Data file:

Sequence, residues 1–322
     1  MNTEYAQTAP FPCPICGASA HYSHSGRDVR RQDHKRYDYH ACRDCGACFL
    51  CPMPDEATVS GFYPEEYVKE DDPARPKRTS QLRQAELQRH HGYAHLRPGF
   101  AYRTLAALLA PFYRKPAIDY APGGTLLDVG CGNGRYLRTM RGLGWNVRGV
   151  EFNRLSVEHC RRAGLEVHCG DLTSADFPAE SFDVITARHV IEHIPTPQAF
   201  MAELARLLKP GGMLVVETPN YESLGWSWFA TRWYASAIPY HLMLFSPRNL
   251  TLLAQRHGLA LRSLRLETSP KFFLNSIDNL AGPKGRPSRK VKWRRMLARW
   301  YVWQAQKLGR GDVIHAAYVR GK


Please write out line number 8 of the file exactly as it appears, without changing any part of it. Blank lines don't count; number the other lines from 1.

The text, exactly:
   301  YVWQAQKLGR GDVIHAAYVR GK